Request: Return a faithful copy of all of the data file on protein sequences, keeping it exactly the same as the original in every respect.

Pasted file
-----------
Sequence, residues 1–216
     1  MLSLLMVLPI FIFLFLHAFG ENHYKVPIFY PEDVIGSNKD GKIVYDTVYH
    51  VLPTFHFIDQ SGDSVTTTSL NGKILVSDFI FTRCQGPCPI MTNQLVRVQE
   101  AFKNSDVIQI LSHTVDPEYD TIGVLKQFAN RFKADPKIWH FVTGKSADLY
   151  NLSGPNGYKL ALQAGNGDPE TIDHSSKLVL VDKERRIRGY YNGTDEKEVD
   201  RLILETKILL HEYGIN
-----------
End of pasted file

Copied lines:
Sequence, residues 1–216
     1  MLSLLMVLPI FIFLFLHAFG ENHYKVPIFY PEDVIGSNKD GKIVYDTVYH
    51  VLPTFHFIDQ SGDSVTTTSL NGKILVSDFI FTRCQGPCPI MTNQLVRVQE
   101  AFKNSDVIQI LSHTVDPEYD TIGVLKQFAN RFKADPKIWH FVTGKSADLY
   151  NLSGPNGYKL ALQAGNGDPE TIDHSSKLVL VDKERRIRGY YNGTDEKEVD
   201  RLILETKILL HEYGIN